The main exhibition that we had come to see in Liverpool was inside an old hardware shop- it had a piece of Work by the Freee collective on the front of the windows and had an extensive collection of every kind of artwork you could think of, from a room full of paintings, to the the roof which was full of pipes leading into the air vents out in the street (Rosa Baba) to some wacky brain numbing films in the basement that made absolutely no sense (Which was part of the fascination of the films-RyanTrecartin) This was probably my favourite space of the day, i enjoyed the challenging aspect of the space being completely different to spaces i had seen before and being so vast that i was ready to collapse when we left. The space also had a labyrinth type quality, and the mix of work meant that every turn was a surprise and unexpected.

Misty Liverpool and a UFO
I didn't wait long before i got cold and went back to the hotel, i grabbed a sneaky cab back up to the station about half an hour later- very interesting conversation with the taxi driver though, about how he likes the cockneys, but can't stand people from Essex- I told him i was a London girl to save embarrassment.

The weekend was a lot more relaxing than the whistle stop tour- we went on the Mersey cruise (where the Beatles song played over and over again) and visited various pubs in the city- the majority mentioning the Beatles somewhere in the pub for tourism purposes. We managed to find the old pub from the Friday again which was good, because i knew Nick would love it. We didn't go for any scouse though. It was very cold over the weekend too so we spent the weekend off and on looking at coats- the shopping is very extensive in Liverpool and it does seem as if a lot of the culture surrounds this at the weekend, the crowds were the varsity of those at Oxford street on a Saturday- which is probably why we stopped at the pub so many times.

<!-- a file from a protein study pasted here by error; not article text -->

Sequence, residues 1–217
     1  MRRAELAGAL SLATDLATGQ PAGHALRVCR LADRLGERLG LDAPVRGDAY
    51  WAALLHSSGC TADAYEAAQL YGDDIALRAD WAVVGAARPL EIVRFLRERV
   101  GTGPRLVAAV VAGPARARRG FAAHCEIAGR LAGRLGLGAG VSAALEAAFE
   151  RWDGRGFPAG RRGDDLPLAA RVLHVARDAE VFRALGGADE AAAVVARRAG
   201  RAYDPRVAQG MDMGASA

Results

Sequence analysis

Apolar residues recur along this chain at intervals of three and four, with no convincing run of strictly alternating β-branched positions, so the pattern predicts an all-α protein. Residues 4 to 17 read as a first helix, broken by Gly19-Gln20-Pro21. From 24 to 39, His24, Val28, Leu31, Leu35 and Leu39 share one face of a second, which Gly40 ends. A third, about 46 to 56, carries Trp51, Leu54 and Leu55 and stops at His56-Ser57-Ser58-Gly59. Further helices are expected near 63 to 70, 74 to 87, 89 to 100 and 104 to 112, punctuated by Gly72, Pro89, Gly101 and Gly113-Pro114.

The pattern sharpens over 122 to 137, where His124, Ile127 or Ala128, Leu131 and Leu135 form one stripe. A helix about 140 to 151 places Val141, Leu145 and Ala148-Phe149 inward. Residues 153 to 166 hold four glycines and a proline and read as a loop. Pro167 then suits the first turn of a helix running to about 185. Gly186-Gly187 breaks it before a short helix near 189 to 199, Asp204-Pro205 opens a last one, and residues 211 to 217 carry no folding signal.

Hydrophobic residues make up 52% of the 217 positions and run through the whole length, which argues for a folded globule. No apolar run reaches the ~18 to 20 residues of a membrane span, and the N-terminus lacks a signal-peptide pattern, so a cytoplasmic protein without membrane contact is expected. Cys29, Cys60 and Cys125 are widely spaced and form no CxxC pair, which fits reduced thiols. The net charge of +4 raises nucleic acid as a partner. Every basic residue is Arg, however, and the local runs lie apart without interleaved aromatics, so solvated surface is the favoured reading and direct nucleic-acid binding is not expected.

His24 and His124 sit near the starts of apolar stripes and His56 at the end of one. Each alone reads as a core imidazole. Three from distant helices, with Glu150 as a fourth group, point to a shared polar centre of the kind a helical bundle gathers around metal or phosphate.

Nick taking photos of the Mersey (maybe to escape the Beatles song?)
We stopped off at the Britannia Adelphi Hotel (Adelphi Hotel) for a drink on Saturday, which was an odd experience, from the look of the building and the description of the Hotel you expect luxury- and we had specifically gone in to take a look around the building, but the bar had been turned into an American 'diner' style bar and the main pub area, although beautiful in its originality and architecture, seemed to have been hollowed out to fit in as many chairs and tables as possible, and hadn't been cleaned in a long time. However, to be fair, it was full. The pub culture in Liverpool obviously runs quite deeply into the city's history- the majority of the punters were men on their own with a paper and a pint, the odd family and a couple of Lady's scattered around. It wasn't a bad atmosphere, but it was a little odd. In contrast to this we walked into the main hallway of the hotel which was very large and lavish and immaculate. It is supposed to be a tea and coffee reception room but it was almost too daunting to sit down. We didn't stay for coffee, but we did head up the hill to see some of the architectural artworks that i hadn't managed to see on Friday. One in particular that i thought was very good was a building covered in flags- it was obvious to see the countries of each flag but at the same time there was an overlay  of a fire image, so the building looked like it had been burnt down (Will Kwon) I hadn't realised to start with
that it was a piece of work- but it was very effective.